RIGA - SEB, the Swedish financial group that controls some of the largest Baltic banks, said in a report last week that Latvia would have difficulties reining in inflation next year and that Lithuania's economy risked overheating due to exorbitant consumer crediting.
In its survey of Baltic economies Baltic Outlook, SEB warned that inflation in Latvia could continue in 2005 and that the government's hopes to curb price growth were too optimistic.
Government and central bank 2005 forecasts that inflation will decrease to 4 percent or 5 percent are too optimistic since officials are attaching too much importance to one-off effects - e.g., EU accession - that would not change next year's numbers. Only a fraction of the price growth this year could be attributed to administrative costs and tax changes after accession, analysts said, stressing that growing food prices, which could not be seen as a temporary phenomenon, were exerting pressure on overall inflation.
SEB analysts also pointed out that the Bank of Latvia so far has not succeeded in curtailing lending since a large part of Latvian loans are denominated in foreign currencies, which the central bank can't influence.
For these reasons it will be very difficult for the government of Prime Minister Indulis Emsis and the central bank to reduce inflation. The government may even have to change taxes and duties to keep inflation below 3 percent in 2006, thus acquiring the right to introduce the euro in 2008.
According to the Maastricht criteria that every country must meet for euro-introduction, inflation should not exceed 1.5 percentage points above the average of the three eurozone countries with the lowest annual inflation in the previous year - or approximately 3 percent.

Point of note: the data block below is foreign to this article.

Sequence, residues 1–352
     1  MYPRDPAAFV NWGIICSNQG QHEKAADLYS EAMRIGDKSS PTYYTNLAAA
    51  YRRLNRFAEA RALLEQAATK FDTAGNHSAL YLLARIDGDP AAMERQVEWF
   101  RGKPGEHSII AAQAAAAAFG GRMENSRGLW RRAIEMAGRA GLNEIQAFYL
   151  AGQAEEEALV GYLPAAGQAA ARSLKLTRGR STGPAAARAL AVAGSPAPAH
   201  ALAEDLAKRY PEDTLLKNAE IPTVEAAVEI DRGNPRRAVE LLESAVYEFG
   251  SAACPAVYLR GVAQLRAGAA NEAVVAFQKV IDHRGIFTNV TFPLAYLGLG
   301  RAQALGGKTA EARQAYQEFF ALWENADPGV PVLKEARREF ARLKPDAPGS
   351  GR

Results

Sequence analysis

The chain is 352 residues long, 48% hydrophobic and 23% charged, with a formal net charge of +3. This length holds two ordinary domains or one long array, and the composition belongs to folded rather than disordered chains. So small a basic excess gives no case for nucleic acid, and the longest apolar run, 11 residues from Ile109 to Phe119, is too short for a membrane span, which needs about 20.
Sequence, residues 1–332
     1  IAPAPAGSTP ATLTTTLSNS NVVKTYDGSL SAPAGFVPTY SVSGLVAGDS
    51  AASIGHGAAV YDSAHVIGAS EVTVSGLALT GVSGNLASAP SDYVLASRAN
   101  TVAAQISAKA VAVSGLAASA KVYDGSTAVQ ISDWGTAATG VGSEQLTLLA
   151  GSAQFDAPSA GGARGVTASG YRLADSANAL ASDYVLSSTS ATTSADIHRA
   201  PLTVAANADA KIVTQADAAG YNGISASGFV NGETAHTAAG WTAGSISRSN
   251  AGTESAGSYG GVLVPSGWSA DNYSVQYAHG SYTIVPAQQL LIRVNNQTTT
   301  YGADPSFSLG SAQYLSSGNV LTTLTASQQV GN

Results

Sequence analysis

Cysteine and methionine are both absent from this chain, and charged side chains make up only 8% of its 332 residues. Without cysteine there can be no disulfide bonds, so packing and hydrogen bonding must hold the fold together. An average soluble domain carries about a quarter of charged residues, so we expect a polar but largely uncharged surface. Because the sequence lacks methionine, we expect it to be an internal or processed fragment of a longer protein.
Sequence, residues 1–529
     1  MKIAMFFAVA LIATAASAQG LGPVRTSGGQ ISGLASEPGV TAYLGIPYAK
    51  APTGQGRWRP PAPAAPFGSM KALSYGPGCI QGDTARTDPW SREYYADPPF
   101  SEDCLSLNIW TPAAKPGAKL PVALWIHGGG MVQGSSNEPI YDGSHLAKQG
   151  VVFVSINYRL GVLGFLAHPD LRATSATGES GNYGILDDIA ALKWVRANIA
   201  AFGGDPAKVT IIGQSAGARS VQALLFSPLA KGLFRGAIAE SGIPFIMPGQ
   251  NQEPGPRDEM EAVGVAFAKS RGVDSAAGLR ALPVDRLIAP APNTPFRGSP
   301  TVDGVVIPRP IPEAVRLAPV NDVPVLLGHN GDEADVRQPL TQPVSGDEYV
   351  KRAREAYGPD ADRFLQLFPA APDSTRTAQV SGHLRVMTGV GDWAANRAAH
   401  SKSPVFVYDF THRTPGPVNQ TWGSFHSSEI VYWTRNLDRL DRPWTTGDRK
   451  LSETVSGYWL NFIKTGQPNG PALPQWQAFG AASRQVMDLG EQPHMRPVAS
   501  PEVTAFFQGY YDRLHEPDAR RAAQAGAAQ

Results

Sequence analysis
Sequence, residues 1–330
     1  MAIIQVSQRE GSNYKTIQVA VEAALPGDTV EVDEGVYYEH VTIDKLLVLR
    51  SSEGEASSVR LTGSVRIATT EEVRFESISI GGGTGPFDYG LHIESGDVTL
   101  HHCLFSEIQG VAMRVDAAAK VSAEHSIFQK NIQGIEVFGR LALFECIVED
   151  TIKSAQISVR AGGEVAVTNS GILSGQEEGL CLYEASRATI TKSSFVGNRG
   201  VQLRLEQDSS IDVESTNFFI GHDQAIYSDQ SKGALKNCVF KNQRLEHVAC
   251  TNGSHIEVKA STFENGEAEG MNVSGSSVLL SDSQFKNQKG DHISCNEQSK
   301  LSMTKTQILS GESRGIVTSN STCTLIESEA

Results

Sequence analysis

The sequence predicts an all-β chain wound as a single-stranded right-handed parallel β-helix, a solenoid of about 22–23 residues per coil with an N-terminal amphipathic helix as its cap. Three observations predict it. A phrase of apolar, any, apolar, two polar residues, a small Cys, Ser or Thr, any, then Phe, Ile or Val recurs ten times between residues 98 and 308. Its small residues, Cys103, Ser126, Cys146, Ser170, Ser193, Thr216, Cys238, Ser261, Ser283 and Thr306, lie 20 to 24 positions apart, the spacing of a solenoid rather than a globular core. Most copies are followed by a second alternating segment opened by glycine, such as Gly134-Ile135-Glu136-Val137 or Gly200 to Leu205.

In Latvia annual inflation, measured from August to August, was 7.8 percent.
SEB analysts predicted that inflation this year could decrease to 6.6 percent and would comprise 5.5 percent in 2005.
Lithuania's economy is seeing a rise in the current account deficit and rapid growth in consumer crediting, which poses a threat to economic stability. Analysts recommended stricter economic policy to combat the runaway credit growth, though they said the new government could increase spending in 2005.
SEB claimed a close link between Lithuania's economic growth and a rise in domestic consumption. However, exports have also contributed thanks to an increase in demand in the post-enlargement EU.
According to the Swedish group's estimations, Lithuania's economy will expand by 7.3 percent this year and slow to 7.1 percent in 2005, while annual inflation will amount to 2 percent in 2004 and grow to 2.5 percent next year.
Latvia's economy, meanwhile, is expected to grow 7.4 percent this year - the fastest in the Baltics.
Regarding Estonia, SEB analysts predicted that GDP would grow 5.8 percent this year and 6.1 percent in 2005.
SEB controls Vilniaus Bankas, the largest bank in Lithuania, Estonia's Uhispank and Latvia's Unibanka.